Hong Kong’s budget could do with some daring, but can Carrie Lam go the distance?
Alice Wu says the final responsibility for solving Hong Kong’s ‘too much money’ problem rests with the chief executive, who must be both creative and courageous with the budget
Expectation management is tricky business, especially when the boss has been building the hype while you’ve been playing it down. This is the predicament Financial Secretary Paul Chan Mo-po has found himself in. When Chief Executive Carrie Lam Cheng Yuet-ngor addressed guests at the inauguration ceremony of the Chinese Manufacturers’ Association of Hong Kong earlier this month, she hinted that her administration’s first budget “could possibly be full of surprises” and would be more “daring” in its spending. It’s part of Lam’s “new fiscal philosophy”.
Understandably, Lam is excited about it. But with yet another ridiculous budget surplus this year, Chan is going to have to show that he can walk on water if he wants his Wednesday budget to be lauded.
It is true that the Hong Kong government’s persistent problem is one that many in other parts of the world would wish to have: having too much money. For Hong Kong, it’s been our “problem” for way too long, so much so that the annual drastic miscalculations of the surplus have become a sore point with the public.
If having too much of it is the crux of the problem, then spending it would be the solution. And the easiest way to spend it is to give it back to the people, à la Macau. We’ve tried that once and there has been renewed calls for a repeat, but the financial secretary has been discouraging, saying that the government would prefer more “targeted measures”.
But the fact is, no matter what politicians and bureaucrats may say, they have been at a loss as to how to spend the continuously fattening public purse. In other words, our leaders have yet to find ways to “target” spending. The lack of good ideas (think food trucks that don’t move) or, as many critics have argued year after year, the lack of political will to commit to long-term costly and therefore controversial policies – for example, universal pension – is the problem.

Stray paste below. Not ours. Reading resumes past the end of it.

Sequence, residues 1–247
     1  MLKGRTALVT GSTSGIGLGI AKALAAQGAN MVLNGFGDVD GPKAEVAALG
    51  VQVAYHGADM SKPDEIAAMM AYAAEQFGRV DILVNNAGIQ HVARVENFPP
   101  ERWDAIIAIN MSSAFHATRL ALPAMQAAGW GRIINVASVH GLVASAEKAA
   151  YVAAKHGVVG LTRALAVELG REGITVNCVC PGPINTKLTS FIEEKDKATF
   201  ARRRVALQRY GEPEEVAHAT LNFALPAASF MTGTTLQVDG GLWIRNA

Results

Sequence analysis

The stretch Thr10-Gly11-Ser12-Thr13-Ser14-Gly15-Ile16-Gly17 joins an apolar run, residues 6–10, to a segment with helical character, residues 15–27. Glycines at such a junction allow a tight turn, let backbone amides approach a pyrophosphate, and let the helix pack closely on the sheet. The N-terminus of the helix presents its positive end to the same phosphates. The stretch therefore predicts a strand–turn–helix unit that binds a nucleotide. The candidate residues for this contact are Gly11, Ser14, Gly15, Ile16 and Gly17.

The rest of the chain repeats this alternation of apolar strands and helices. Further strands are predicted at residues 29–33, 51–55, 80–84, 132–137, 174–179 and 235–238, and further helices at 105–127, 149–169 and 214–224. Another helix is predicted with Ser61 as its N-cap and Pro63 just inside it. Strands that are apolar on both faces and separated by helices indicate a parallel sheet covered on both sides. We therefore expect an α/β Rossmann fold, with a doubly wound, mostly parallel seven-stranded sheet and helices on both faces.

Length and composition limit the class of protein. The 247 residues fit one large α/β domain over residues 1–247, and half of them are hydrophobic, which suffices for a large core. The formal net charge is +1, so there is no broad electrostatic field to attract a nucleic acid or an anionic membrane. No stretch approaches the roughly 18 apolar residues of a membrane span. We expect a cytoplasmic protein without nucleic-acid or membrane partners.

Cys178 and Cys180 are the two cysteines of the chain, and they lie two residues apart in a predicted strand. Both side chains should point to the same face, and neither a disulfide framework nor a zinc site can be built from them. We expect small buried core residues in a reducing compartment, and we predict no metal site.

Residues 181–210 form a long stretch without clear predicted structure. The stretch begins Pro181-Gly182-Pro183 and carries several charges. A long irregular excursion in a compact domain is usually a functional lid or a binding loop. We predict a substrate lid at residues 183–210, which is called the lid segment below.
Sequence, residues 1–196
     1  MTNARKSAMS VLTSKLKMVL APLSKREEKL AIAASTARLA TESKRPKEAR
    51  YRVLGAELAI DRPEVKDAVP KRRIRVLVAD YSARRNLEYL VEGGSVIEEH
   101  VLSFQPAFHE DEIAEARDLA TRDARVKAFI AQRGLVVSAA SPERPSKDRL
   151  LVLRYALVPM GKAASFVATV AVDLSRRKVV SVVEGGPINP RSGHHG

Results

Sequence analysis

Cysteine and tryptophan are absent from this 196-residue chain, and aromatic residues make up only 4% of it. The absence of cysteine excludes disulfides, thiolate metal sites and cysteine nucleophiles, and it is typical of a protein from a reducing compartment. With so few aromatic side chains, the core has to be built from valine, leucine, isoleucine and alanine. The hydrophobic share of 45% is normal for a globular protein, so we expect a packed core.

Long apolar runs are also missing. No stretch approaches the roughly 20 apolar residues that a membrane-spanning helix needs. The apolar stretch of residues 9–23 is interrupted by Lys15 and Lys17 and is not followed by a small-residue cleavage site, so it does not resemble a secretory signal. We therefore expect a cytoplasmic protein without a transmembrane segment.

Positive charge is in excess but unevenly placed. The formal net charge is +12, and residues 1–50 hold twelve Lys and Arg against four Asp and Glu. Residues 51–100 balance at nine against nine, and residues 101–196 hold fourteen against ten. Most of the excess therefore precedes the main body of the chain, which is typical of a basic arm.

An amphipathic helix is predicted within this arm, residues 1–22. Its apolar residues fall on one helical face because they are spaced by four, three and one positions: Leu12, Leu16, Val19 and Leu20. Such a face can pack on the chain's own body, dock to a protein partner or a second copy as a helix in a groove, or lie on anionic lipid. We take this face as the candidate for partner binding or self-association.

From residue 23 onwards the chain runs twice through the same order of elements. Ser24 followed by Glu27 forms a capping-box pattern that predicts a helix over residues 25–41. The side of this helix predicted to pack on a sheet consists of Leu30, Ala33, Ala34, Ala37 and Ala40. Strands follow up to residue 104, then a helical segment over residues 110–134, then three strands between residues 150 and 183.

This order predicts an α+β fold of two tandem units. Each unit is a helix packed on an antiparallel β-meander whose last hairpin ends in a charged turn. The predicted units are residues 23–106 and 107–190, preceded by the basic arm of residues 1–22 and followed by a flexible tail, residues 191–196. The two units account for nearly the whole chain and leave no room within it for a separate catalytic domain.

Chan’s predecessor John Tsang Chun-wah has been criticised for government surplus miscalculations and his conservative fiscal philosophy. But let’s face it, it’s not so much the financial secretary’s problem. It’s the chief executive’s. An “executive-led” political system means that with power comes the responsibility to lead, which includes coming up with policy solutions, and presenting and selling these policies to lawmakers and the public.
That is something the chief executives that have come before Lam have all failed to do. And that is why, in lieu of good spending ideas, the government has consistently fed the people the same excuse: its constitutional requirement for “prudent financial management”.
While Article 107 of the Basic Law does say that the government “shall follow the principle of keeping expenditure within the limits of revenues in drawing up its budget” and for it to “avoid deficits”, this is not an excuse for the government not to do its job of taking care of the people and the city’s problems.
And this city’s problems have been stockpiling for decades. Lam cannot be ignorant of this fact.
Barely a month ago, Lam was in Davos attending the World Economic Forum, where she trumpeted Hong Kong’s positive economic outlook. She also said it was necessary to “take the opportunity to improve governance … and to put in place sound social policies” – policies that would address issues like poverty, income inequality and a lack of opportunities for young people.
On Wednesday, we’ll see whether there are indeed surprises in the budget. That hinges on how “daring” Lam is when it comes to articulating these “sound social policies” in real budgetary terms. Otherwise, “poverty, income inequality and a lack of opportunities” are mere catchphrases, and the government may be better off just handing out money.
Alice Wu is a political consultant and a former associate director of the Asia Pacific Media Network at UCLA